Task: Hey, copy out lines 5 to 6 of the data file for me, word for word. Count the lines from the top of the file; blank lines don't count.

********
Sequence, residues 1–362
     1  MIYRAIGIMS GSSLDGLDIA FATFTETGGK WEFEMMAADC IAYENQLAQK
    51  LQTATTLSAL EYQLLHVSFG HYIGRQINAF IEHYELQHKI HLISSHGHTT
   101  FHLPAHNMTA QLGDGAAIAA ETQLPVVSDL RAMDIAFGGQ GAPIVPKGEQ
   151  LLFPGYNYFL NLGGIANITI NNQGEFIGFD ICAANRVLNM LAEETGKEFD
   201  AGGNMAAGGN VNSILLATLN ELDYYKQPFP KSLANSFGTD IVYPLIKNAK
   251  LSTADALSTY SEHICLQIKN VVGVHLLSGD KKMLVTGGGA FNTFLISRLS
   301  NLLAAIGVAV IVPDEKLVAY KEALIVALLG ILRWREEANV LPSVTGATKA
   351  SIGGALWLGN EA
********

   151  LLFPGYNYFL NLGGIANITI NNQGEFIGFD ICAANRVLNM LAEETGKEFD
   201  AGGNMAAGGN VNSILLATLN ELDYYKQPFP KSLANSFGTD IVYPLIKNAK